The Best Moment of 2020: The Burning of the Third Precinct

By Hamilton Nolan – Dec 15, 2020

Everything else was bad

This year, wretched as it was, was not steadi­ly wretched from begin­ning to end. It was more like a wave, crest­ing right at the edge of opti­mism before crash­ing down hard and wash­ing every­thing back out to the black and hope­less sea. It’s espe­cial­ly easy to remem­ber the high points in a year like this: They were brief moments when events broke the heavy pull of grav­i­ty and rose up, before falling back down again.

On Feb­ru­ary 22, under bright and mild blue skies, I went to a plush casi­no on the Las Vegas strip and watched hotel work­ers vote over­whelm­ing­ly for Bernie Sanders in the Neva­da cau­cus. Bernie won by a mile, and there was a swelling sense of ela­tion — this was our time. He stood, that day, as the clear favorite for the Demo­c­ra­t­ic nom­i­na­tion, the man who was poised to sweep away our grotesque leader and ush­er in a new age of humane progress. Joe Biden’s cam­paign vol­un­teers were stay­ing at my hotel, and I remem­ber look­ing at them with pity as they stood around in their Biden shirts in the lob­by, a sad bunch of mis­fits fruit­less­ly try­ing to res­ur­rect a long-dead dream. The peo­ple pow­er was on our side. The atmos­phere was gid­dy. There were cel­e­bra­tions. There were crowds. Every­thing was open, and you could see, just down the road, the world that we want­ed, just waiting.

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One month lat­er, Joe Biden had the nom­i­na­tion well in hand. The Las Vegas strip had been shut­tered, along with every­thing else. The mighty Culi­nary Union, whose mem­bers ran the casi­no indus­try, was suf­fer­ing from 98% unem­ploy­ment. New York City was in lock­down, the pan­dem­ic had begun to rage, and our bizarre nation­al night­mare of sick­ness and death and soli­tude and dev­as­ta­tion was begin­ning to unfurl in all of its hor­rif­ic majesty.

And it’s been pret­ty bad since then. The year teased us with false hope, then snatched it away and unveiled a grind­ing, cease­less cal­en­dar of monot­o­ny stirred togeth­er with tragedy. Even mod­est­ly good events like Trump’s elec­tion loss or the mak­ing of vac­cines were leav­ened with the heavy knowl­edge that there is an alter­nate world where they would have turned out much, much better.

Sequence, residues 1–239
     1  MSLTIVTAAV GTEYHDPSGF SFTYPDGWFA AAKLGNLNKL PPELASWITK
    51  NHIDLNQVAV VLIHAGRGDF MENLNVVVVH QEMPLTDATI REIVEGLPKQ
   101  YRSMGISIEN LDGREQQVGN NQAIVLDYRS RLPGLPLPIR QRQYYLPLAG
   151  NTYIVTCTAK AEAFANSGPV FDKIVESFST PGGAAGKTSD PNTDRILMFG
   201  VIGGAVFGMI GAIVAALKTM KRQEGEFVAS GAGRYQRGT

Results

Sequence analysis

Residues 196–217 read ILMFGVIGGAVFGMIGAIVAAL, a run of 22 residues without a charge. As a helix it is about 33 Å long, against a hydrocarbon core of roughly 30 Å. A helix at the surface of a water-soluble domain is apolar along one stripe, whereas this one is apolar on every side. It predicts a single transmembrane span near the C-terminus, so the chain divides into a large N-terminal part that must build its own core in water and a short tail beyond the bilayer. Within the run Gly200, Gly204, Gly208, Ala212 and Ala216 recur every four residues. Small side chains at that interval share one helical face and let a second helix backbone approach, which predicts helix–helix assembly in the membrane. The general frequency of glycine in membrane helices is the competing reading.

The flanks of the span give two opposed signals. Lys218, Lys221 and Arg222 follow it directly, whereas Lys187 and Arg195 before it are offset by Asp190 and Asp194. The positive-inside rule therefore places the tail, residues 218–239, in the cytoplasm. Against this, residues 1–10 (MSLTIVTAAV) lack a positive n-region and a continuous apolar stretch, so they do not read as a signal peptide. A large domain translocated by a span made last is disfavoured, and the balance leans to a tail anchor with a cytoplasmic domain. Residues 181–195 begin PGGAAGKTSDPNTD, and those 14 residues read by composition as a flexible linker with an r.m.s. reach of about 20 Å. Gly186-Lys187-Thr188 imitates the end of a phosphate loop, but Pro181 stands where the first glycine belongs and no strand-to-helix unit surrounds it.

There is only one moment in 2020 that stands out as one of undi­lut­ed ela­tion. That moment came on the night of May 28, three days after George Floyd was killed by police. The protests that would soon sweep the nation were still cen­tered in Min­neapo­lis. Around 10:00 p.m. that night, I sat a thou­sand miles away, slack­jawed, watch­ing a live stream of riot police evac­u­at­ing from the Third Precinct head­quar­ters. The cops all scur­ried away, and pro­test­ers pro­ceed­ed to burn down the police station.

RELATED CONTENT: Minneapolis Approves Replacing Police With a Community-Run Public Security System

The cops ran away and the pro­test­ers burned down the police sta­tion. That was one of the coolest fuck­ing things I’ve ever seen.

Is that imma­ture? I don’t care. The cops ran away. The peo­ple burned down the police sta­tion. Take that! Stu­pid cops! If the sheer cin­e­mat­ic gall of such a thing does not fill you with some lev­el of delight, you are too mature. You have allowed an impor­tant part of you to die. I pity you. You see, nor­mal­ly, cops chase peo­ple. Police come into our homes and do what they want. In this case, the peo­ple chased the police. And they went into the police’s home, and they burned it the fuck down. Now do you see? This was beau­ty. This was, for a few hours at least, the tri­umph of hope. It was like watch­ing a very ephemer­al war being won. I do not care that one of the peo­ple lat­er indict­ed for this was a right winger — that just makes that night a very rare exam­ple of the entire polit­i­cal spec­trum achiev­ing a com­mon goal. I do not care to hear any ratio­nal argu­ments about what such an action did or did not accom­plish” in a cold, ana­lyt­i­cal sense. Life is full of injus­tices large and small, of pow­er­ful insti­tu­tions that sub­ject us to all man­ner of unnec­es­sary incon­ve­niences and out­rages, and noth­ing embod­ies this per­pet­u­al state of unfair­ness more than a police sta­tion. Some­times it is nec­es­sary to see the pow­er of the peo­ple in action, just to feel alive. I will tell you what this action accom­plished: It was awe­some. We all need­ed that.

This was a bad year. But it was also the year that the cops ran away, and peo­ple burned down the police sta­tion. I guess you nev­er can tell when your luck is going to turn around.




Hamilton Nolan is a labor reporter for In These Times. He has spent the past decade writ­ing about labor and pol­i­tics for Gawk­er, Splin­ter, The Guardian, and else­where. You can reach him at

(In These Times)

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